By  on April 29, 2011

It’s not time for fragrance suppliers to be wallflowers.

In a fragrance market characterized by product oversaturation, sluggish U.S. performance, enormous potential abroad, unrealized sales from indifferent and frustrated segments of the consumer population and a shifting retail landscape, fragrance supplier executives agree that sitting on the sidelines isn’t a recipe for success. A period of experimentation is taking root as suppliers and their fragrance brand partners test novel marketing concepts, breach new retail channels and address audiences outside of their comfort zone.

“In the last two to three years, the fragrance world has been on a roller coaster,” said Matt Frost, director of global marketing for fine fragrance and beauty care at International Flavors & Fragrances. “The prestige fragrance market, having been hit by the recession, is still in a little bit of shock and is trying to find its footing again.”

According to The NPD Group, U.S. prestige fragrance sales rose 1 percent — the slowest growth among three prestige beauty categories — to generate $2.5 billion last year. In mass excluding Wal-Mart, SymphonyIRI Group reported dollar sales for the top 20 men’s fragrances dipped 1.76 percent to nearly $193 million and dollar sales for the top 20 women’s fragrances inched ahead 0.3 percent to almost $311 million for the 52 weeks ended Feb. 27.

Despite the unimpressive fragrance sales, flavor and fragrance manufacturers have rebounded rather impressively from the global recession. According to Leffingwell & Associates’ estimates, sales volume at the top six flavor and fragrance industry players climbed around 16 percent to nearly $14.7 billion in 2010. For the fragrance and flavor niche as a whole, Leffingwell noted company sales grew 10 percent to reach $22 billion in 2010, making the year “remarkably successful with some of the largest year-to-year gains in recent years.”

So, what’s the problem? Buying a fragrance today can be downright confusing, faced with a dizzying array of fragrance extensions. Klaus Stanzl, president, scent and care, global life essentials at Symrise, cited industry data revealing 35 percent of women’s launches are new brands and 42 percent of men’s launches are new brands. “Brands are slowly moving away from launching as many flankers and limited editions as they did in the past,” he said. “This will be a slow transition. I think it will be five years until we see more newness.”

The celebrity fragrance phenomenon, which has helped propel a flanker deluge, doesn’t appear to be fading — at least, yet. “This will be a big celebrity holiday season with several on the docket,” said Cosimo Policastro, executive vice president of fine fragrance at Givaudan. Debra Butler, vice president, creative marketing at Firmenich, sounded a similar chord, saying, “People are looking still to brand new brands with publicity and high consumer impact value already premade.”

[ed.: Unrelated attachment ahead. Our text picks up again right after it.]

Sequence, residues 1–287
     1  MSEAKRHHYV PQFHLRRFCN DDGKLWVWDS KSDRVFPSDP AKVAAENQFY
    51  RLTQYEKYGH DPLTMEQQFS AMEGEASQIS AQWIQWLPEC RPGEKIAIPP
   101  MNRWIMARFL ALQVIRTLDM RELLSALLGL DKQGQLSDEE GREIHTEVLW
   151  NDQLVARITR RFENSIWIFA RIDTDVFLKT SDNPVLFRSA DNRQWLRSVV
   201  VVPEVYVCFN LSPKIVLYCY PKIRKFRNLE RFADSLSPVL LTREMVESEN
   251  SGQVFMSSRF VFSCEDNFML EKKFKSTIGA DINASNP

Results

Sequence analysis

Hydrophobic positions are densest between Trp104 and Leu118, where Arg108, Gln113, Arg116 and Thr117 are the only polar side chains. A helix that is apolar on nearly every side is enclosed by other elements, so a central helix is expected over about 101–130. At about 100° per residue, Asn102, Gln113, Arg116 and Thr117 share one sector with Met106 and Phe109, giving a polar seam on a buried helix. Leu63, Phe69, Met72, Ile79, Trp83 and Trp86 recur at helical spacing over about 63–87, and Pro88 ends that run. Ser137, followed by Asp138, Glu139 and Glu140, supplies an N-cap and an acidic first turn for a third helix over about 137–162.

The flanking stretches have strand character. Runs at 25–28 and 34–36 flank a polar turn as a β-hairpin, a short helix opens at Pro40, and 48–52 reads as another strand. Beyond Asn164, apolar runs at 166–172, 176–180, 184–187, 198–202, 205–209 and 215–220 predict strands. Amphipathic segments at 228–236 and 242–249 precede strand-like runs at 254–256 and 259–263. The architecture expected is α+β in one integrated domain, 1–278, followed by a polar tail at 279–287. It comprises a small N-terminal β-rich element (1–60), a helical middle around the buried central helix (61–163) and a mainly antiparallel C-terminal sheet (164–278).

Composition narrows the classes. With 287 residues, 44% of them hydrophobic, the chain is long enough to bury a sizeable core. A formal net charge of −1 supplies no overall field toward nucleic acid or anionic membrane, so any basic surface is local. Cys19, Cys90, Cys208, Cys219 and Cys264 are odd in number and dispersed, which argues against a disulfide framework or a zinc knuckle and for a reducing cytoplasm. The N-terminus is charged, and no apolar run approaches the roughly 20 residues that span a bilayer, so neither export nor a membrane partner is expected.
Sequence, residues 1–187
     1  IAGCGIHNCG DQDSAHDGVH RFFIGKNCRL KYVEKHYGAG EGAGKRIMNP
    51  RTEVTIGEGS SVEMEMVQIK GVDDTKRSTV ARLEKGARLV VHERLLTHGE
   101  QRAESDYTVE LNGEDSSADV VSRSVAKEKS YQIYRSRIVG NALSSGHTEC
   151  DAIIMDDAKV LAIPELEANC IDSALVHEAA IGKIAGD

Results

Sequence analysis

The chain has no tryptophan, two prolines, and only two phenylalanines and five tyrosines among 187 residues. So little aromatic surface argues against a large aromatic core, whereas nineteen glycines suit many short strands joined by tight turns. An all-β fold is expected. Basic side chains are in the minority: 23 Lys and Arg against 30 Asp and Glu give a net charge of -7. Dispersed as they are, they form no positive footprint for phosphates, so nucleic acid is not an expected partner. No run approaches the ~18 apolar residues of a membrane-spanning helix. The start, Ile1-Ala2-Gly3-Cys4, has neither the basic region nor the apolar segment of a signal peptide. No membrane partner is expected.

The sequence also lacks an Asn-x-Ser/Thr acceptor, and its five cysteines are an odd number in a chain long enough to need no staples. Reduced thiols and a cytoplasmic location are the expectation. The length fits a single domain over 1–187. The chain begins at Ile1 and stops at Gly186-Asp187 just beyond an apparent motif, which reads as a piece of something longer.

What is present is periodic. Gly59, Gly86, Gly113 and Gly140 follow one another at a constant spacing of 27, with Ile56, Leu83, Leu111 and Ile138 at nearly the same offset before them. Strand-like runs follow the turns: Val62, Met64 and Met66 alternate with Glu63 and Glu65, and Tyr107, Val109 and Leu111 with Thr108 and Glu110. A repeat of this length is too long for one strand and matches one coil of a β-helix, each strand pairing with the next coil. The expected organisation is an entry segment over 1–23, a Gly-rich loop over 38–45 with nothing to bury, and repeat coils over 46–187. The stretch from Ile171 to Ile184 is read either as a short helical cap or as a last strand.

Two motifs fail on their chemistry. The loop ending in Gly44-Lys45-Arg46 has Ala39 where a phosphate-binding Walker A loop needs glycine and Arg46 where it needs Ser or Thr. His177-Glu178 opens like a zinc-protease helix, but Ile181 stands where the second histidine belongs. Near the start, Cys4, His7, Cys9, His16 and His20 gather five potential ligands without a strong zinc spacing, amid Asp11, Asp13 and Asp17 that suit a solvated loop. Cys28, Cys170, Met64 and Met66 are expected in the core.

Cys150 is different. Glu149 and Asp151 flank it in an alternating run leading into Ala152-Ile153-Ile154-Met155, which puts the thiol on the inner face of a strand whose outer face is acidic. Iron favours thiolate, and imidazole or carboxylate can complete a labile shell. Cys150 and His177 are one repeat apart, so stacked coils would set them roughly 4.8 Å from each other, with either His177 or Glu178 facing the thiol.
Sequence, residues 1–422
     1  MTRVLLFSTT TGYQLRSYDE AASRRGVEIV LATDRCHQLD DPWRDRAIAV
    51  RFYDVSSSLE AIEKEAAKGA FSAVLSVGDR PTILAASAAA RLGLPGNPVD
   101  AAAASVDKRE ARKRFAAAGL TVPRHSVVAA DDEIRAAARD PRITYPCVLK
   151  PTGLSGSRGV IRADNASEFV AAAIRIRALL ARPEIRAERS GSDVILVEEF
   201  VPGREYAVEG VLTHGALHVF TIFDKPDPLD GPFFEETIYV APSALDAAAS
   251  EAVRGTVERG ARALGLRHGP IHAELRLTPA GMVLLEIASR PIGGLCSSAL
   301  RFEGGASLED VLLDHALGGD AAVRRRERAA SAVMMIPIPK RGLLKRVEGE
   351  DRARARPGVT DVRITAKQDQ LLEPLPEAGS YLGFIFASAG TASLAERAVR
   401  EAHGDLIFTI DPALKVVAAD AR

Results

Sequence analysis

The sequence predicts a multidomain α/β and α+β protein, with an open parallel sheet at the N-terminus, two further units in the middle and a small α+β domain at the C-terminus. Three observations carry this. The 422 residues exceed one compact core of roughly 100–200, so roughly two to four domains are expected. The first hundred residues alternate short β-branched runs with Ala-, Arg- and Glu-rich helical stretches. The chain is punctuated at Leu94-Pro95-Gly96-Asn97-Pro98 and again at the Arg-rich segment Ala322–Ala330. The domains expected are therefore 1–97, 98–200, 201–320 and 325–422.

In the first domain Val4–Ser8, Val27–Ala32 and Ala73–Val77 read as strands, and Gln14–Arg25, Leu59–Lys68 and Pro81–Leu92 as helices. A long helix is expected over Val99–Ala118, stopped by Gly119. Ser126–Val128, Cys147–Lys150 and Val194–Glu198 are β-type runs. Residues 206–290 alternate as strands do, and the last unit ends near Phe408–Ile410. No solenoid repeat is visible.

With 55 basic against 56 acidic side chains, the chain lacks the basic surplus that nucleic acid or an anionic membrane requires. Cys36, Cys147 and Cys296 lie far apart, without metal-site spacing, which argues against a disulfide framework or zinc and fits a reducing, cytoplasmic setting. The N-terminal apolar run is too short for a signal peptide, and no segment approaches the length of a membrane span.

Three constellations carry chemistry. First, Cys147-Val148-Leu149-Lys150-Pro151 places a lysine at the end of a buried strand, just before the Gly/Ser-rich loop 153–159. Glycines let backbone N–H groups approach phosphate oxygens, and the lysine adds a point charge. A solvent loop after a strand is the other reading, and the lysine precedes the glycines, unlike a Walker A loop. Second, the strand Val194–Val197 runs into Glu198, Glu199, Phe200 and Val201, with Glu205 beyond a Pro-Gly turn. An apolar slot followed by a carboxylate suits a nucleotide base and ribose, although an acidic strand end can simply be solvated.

However, Butler praised efforts to cultivate lasting brands. “We made the consumer addicted to this newness, and now we are taking a more measured approach,” said Butler. “We will see a cleaning up,” said Syed Shamil, Mane America’s vice president, marketing and innovation for fine fragrance, North America.

“We are moving from a place where the product could represent nice values and appeal to many different people, but not really stand out from the crowd, to a place that in order to succeed you have to stand out, have a point of view, be quite polarizing,” Frost declared. He singled out Paco Rabanne’s Lady Million with its “unapologetic gold-digging” marketing proposition for making a bold statement in the marketplace.

Frost emphasized that the “segmentation of consumers is becoming more and more important.” That segmentation can occur by age — and young consumers are of particular interest — or by fragrance usage. “There are Gen-Y consumers who are using the product. It is just that, in that group, there is greater percentage that aren’t. If we focus on reconnecting with nonusers, I think we have a shot at reengaging them,” said Policastro, discussing a recent Givaudan study on 16- to 29-year-olds. Butler said Firmenich is putting money and energy toward figuring out what lapsed and nonusers like and dislike. “They want everyday fragrances, [but] they have different needs,” she said.

Luring new fragrance users is dependent on scent, marketing and distribution. Policastro said young customers “gravitate to fragrances that are more classically designed because it’s new to them.” Stanzl and Frederic Jacques, Mane’s vice president of fine fragrances for North America, stressed social media, associated with mass more than prestige launches, is essential to draw young consumers. And alternative distribution channels, particularly television and Web shopping, could initiate new consumers into fragrance, although many supplier executives are skeptical. “This is where the opportunity lies,” said Jacques, a believer in Internet fragrance shopping.

Business is swinging to emerging markets — IFF, for instance, forecast they will account for 50 percent of sales in 2015, up from 44 percent now — and fragrance and flavor companies are expanding their global footprints as a result. Examples abound. Symrise has a new Perfumery School in Chennai, India. Mane has planted offices in Ghana and Nigeria. Givaudan officially opened its new Fragrance Creative Centre in São Paolo, Brazil, last year.

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